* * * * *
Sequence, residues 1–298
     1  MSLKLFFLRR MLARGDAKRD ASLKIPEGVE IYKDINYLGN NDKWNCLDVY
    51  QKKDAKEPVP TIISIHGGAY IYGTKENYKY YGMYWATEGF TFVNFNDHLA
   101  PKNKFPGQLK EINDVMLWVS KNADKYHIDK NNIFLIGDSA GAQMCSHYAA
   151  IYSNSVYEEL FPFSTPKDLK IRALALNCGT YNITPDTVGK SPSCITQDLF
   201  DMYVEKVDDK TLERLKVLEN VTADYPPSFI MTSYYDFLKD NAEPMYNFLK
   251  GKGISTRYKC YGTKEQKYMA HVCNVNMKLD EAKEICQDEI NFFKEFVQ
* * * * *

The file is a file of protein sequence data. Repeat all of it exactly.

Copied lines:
Sequence, residues 1–298
     1  MSLKLFFLRR MLARGDAKRD ASLKIPEGVE IYKDINYLGN NDKWNCLDVY
    51  QKKDAKEPVP TIISIHGGAY IYGTKENYKY YGMYWATEGF TFVNFNDHLA
   101  PKNKFPGQLK EINDVMLWVS KNADKYHIDK NNIFLIGDSA GAQMCSHYAA
   151  IYSNSVYEEL FPFSTPKDLK IRALALNCGT YNITPDTVGK SPSCITQDLF
   201  DMYVEKVDDK TLERLKVLEN VTADYPPSFI MTSYYDFLKD NAEPMYNFLK
   251  GKGISTRYKC YGTKEQKYMA HVCNVNMKLD EAKEICQDEI NFFKEFVQ